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Retail Take On Milan: Solid And Salable — Bombers To Stirrups

<?XML:NAMESPACE PREFIX = CS /><CS:BOLD>MILAN -- There were few major surprises in the just-concluded Milan fall season except, perhaps, for one -- retailers loved those Giorgio Armani stirrup pants.<BR><BR>Overall, the season wasn't one that sent...

MILAN — There were few major surprises in the just-concluded Milan fall season except, perhaps, for one — retailers loved those Giorgio Armani stirrup pants.

Overall, the season wasn’t one that sent hearts thumping, but store executives said there was no shortage of solid, salable looks on Milan’s runways. The most bankable trends included narrow trousers, shearling vests and wraps, bomber jackets in everything from fur to technical waterproof fabrics, coats of different lengths and shapes — and especially the new tent and princess shapes — obi belts, appliques, embroideries, fringe, velvets and chunky or cable knits.

The season also was a perfect example of the often-wide gap between what retailers bought and what the fashion press praised. While the two camps agreed the season’s standouts included Gucci, Dolce & Gabbana, Burberry Prorsum and Missoni, their opinions diverged on two key designers — Armani and Milan Vukmirovic’s collection for Jil Sander. The press pilloried them, but retailers like Neiman Marcus and Bloomingdale’s thought they had some merit.

“We thought Armani had wonderful jackets and will be buying his novelty pants,” said Joan Kaner, senior vice president and fashion director at Neiman’s. “Armani customers buy the novelty items: They bought the ruffled, tiered and asymmetrical pants of past seasons. Their feeling is that if Mr. Armani believes in something, they do too.”

Kal Ruttenstein, senior vice president for fashion direction at Bloomingdale’s, also praised Armani. “The show was very strong. I loved the jackets, and frankly I think it’s time for stirrup pants to make a comeback: They’re new, narrow and sexy. I also loved his use of black and white for evening.”

Kaner also liked Gucci’s jackets and coats with obi wraps, Prada’s short battle jacket worn with a flippy skirt and the white coats at Jil Sander. She said Roberto Cavalli managed to “layer on a more ladylike customer this season” with his plaid pieces and chiffon dresses with full skirts.

Ruttenstein liked Gucci’s big blouson tops worn with narrow crushed pants and Dolce & Gabbana’s classic country looks. “They had exquisite tailoring and great jackets,” he said. He also liked Fendi’s “fur wraps, stoles and blankets,” Burberry’s “new plaids” — and the Jil Sander collection.

“Milan [Vukmirovic] no longer does Jil Sander. He does his own thing, and the look is sleek, modern and well priced. He is developing strongly as a designer,” he said.

Jacqui Lividini, senior vice president of fashion merchandising at Saks Fifth Avenue, said the season is one of opportunity for retailers. “After Sept. 11, a lot of people didn’t buy fall clothing. This season will be a chance for them to catch up. The combination of that kind of demand — and great merchandise — is ideal.”

Lividini said she thought Dolce & Gabbana and Gucci were both strong shows. “There was so much at Dolce. We liked the embellished boots, the fringed scarves, mile-long scarves and sexy pants. Gucci was right on the money and had sheer sex appeal.” Lividini also cited Burberry’s new softness.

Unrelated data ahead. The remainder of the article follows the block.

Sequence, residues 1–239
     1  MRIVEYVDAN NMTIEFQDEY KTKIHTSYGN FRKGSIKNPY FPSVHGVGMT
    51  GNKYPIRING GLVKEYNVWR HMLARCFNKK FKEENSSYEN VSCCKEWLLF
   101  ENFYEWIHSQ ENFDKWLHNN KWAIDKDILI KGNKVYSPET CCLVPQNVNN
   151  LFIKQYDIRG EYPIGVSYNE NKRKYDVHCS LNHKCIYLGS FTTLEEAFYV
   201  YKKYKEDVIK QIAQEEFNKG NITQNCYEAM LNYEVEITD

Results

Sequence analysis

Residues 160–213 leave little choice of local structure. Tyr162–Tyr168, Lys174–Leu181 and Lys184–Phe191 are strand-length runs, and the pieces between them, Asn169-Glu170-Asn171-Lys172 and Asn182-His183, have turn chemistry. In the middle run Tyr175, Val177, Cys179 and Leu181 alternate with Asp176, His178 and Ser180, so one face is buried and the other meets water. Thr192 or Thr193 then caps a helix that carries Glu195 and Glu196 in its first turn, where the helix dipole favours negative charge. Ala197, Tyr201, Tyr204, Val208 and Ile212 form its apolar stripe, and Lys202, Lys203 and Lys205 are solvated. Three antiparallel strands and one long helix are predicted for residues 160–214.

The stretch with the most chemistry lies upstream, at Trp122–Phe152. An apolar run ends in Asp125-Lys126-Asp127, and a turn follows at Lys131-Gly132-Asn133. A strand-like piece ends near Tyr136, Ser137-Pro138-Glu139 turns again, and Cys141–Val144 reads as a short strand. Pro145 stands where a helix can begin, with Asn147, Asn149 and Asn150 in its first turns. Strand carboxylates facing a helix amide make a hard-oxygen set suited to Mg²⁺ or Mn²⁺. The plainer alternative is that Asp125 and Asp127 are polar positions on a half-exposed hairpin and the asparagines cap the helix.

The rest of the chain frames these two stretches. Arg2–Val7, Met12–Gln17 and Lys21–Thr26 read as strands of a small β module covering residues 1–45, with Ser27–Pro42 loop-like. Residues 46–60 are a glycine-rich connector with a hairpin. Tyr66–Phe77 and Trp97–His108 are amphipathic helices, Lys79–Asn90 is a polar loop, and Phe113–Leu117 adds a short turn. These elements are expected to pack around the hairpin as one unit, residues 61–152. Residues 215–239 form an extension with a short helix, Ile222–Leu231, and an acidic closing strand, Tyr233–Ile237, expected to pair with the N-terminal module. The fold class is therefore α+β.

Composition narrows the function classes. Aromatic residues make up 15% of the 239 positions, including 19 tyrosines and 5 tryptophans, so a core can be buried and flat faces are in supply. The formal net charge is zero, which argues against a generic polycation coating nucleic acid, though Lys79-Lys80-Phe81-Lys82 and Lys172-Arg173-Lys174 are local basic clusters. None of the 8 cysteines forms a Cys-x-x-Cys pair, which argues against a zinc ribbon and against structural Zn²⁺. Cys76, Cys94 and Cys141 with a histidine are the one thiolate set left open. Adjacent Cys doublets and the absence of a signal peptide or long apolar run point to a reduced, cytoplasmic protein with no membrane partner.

“It’s traditionally a very masculine line, so the softness was a departure for them. I thought the printed velvets were pretty and I liked the balance between the more structured coats and the sporty looks.”

While some retailers expressed disappointment in Roberto Cavalli’s toned-down collection, Sue Patneaude, vice president of women’s designer apparel at Nordstrom, praised it, and “everything he does right now,” she said.

Missoni and Voyage were also favorites of Patneaude, who was heartened to find lots of novelty details in the Italian collections, from animal prints and embroideries to fringe galore.

“The collections were not as toned- down as I thought they’d be,” she said. “I’ve actually been surprised at the aggressiveness of some of the presentations. I think it’s important that we don’t allow things to get too safe. If we don’t push the envelope, who’s going to?”

Julie Gilhart, vice president of fashion merchandising at Barneys New York, said the Milan shows continued with themes in New York and did not “shift the eye.”

“There have been some good shows,” she said. “Prada, for example, was really intelligent. Marni was a continuation of what they do, but that’s how people want to feel right now. And Pucci was incredible for its color combinations — and we sell it really well.”

Among top trends and items spied by Barneys were coats, cropped pants, corduroy, vests, knitted hats and long scarves and boots of all persuasions.

Anna Garner, the fashion director at Henri Bendel, said she loved the season’s focus on “Austro-Hungarian embroidery details, refreshed peasant looks and melange of velvets and rustic tweeds.” She said Missoni was a standout.

“They did what they know best and they put their own spin on the season’s trends. I loved the knit cowl necks and cardigans, the oversize knits and the Lurex [metallic] and gold detailing.”

Garner, who said that Bendel’s budget would increase “in the low double digits” this season, also liked the gold leathers and suede knitted cardigans at Ruffo Research, the Seventies feel, vintage looks and warm pink color palette at Anna Molinari, the chic, ladylike feel of Luisa Beccaria’s collection and the “great, chunky knitwear” at Alessandro Dell’Acqua. “I thought it was a very healthy season in Milan.”